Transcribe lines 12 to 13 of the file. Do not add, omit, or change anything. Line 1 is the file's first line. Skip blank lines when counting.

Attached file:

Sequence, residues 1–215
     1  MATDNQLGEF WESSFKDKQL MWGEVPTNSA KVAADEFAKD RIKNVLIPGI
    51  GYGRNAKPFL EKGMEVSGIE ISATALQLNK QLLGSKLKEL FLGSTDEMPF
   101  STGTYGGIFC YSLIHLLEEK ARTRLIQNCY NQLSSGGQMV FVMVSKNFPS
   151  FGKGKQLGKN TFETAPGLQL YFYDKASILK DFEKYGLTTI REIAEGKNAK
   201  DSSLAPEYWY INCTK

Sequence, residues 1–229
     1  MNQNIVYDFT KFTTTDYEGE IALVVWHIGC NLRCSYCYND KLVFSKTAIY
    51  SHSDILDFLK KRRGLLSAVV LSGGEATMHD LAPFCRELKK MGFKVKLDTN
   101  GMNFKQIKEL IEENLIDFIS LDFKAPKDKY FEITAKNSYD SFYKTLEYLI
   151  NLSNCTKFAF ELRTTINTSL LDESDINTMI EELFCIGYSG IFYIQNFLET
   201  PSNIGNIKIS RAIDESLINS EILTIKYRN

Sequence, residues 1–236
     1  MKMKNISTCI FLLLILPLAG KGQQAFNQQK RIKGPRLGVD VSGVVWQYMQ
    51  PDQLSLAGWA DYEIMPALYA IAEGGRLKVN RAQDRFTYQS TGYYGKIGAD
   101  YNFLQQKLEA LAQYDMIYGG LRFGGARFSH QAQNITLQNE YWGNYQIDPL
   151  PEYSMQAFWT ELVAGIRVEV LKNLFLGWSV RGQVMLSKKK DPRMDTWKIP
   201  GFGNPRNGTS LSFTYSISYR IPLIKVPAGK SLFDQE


   201  PSNIGNIKIS RAIDESLINS EILTIKYRN

Sequence, residues 1–236